Saskatchewan poster boy for lax standards: no restrictions on donation totals and out-of-province corporate donations welcome
The role of money in Canadian politics is facing increased scrutiny and positive changes are being made – except in Saskatchewan. It’s a problem that needs to addressed, for the health of democracy.
B.C. Premier Christy Clark has been criticized for attending private gatherings with high-level donors and receiving a top-up to her salary from the B.C. Liberal Party.
Ontario Premier Kathleen Wynne has been under similar scrutiny for “pay-to-play” events and fundraising quotas for ministers. So Ontario plans to ban MPPs from fundraising, and will ban corporate and union donations.
Political parties must raise money to maintain organizations, promote messages and compete in elections. But it matters where that money comes from and how it’s raised. If those with vast money have greater access to government, the system loses legitimacy.
That’s why gatherings such as federal Finance Minister Bill Morneau’s $1,500-a-head fundraiser at the home of a prominent Halifax land developer are of such concern.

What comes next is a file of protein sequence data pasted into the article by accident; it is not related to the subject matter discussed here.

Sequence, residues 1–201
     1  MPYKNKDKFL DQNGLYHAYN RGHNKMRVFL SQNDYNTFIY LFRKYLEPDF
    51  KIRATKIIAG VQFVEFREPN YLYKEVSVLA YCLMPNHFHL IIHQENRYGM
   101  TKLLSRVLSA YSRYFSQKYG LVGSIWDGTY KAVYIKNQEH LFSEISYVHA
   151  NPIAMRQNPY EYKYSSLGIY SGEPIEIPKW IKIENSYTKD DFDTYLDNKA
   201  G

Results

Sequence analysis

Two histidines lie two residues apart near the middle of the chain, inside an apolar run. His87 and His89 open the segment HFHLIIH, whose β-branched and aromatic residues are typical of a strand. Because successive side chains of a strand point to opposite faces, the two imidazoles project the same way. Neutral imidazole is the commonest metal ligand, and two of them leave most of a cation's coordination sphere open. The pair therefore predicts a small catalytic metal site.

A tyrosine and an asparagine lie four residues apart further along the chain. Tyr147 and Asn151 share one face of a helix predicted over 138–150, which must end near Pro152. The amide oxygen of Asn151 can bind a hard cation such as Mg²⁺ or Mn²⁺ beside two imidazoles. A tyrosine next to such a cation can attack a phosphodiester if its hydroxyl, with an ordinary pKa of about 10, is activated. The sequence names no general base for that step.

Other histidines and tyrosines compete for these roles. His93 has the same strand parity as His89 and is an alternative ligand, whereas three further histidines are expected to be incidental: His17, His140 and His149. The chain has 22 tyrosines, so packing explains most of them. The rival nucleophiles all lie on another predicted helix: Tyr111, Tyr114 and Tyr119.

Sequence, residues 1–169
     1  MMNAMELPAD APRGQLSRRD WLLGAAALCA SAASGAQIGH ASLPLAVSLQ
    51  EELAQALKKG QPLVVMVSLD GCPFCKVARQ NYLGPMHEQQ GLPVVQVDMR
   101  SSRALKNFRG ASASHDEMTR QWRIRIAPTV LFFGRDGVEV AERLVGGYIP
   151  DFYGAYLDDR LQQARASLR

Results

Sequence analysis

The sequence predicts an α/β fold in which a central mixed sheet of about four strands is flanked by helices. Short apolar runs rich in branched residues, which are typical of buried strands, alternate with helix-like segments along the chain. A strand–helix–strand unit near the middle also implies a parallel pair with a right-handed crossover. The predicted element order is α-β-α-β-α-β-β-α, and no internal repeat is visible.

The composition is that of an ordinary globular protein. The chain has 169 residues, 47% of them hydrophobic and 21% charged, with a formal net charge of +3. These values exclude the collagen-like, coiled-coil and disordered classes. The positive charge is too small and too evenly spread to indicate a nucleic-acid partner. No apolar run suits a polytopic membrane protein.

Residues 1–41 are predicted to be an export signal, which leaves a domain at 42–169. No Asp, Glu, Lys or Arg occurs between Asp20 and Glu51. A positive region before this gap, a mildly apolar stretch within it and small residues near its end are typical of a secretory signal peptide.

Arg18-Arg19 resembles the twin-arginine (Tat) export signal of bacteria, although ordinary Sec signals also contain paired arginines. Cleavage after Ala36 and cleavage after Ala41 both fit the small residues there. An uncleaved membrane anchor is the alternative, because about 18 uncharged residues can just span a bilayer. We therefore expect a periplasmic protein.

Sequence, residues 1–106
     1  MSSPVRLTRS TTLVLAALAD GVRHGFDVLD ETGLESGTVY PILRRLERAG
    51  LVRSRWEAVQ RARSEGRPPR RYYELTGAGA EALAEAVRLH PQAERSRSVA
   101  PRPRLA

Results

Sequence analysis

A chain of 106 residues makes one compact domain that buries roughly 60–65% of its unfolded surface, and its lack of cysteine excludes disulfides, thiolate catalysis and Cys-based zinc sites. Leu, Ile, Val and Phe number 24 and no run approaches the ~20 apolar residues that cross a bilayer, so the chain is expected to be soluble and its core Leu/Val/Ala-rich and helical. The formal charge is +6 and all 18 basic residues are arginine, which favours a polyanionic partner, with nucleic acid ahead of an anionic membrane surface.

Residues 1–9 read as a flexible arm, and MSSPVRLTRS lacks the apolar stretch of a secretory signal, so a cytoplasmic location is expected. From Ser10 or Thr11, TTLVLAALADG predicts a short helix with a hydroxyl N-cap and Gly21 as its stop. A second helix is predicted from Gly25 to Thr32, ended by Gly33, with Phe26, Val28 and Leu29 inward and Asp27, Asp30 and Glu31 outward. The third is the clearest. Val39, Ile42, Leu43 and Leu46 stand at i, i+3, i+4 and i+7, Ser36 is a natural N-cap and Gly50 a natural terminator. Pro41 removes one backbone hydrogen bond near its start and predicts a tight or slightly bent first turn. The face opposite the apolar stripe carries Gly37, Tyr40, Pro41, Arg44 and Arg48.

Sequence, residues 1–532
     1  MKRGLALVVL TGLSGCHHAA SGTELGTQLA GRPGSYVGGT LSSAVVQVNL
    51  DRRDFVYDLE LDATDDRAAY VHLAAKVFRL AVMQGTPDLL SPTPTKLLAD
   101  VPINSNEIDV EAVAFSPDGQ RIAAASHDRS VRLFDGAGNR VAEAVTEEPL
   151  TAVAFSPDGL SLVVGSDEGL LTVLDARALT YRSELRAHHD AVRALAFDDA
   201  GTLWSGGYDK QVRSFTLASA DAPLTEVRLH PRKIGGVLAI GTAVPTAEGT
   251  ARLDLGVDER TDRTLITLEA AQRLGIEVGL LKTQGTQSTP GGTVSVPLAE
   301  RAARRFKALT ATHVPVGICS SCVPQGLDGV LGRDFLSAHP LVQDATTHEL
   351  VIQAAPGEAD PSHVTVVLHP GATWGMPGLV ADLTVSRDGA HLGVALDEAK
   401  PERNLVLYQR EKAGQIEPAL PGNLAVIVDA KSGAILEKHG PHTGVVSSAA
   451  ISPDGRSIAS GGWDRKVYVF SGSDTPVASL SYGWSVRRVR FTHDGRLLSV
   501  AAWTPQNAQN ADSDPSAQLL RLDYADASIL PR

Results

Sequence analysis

The perception that wealthy donors have overt access to leaders has led six provinces to ban or limit corporate and union donations to political parties. Loopholes remain but the trend is clear: constrict the role of money in politics by restricting donations to individuals and ensuring that donations are only made by those who live in the relevant jurisdiction.
By Charles Smith
University of Saskatchewan
and Ryan Meili
Charles Smith is an associate professor of Political Studies at St. Thomas More College, University of Saskatchewan, and author of two books: Transforming Provincial Politics and Organized Labour and Unions in Court: Organized Labour and the Charter of Rights and Freedoms (2017). Ryan Meili is a family physician in Saskatoon and author of A Healthy Society: how a focus on health can revive Canadian democracy.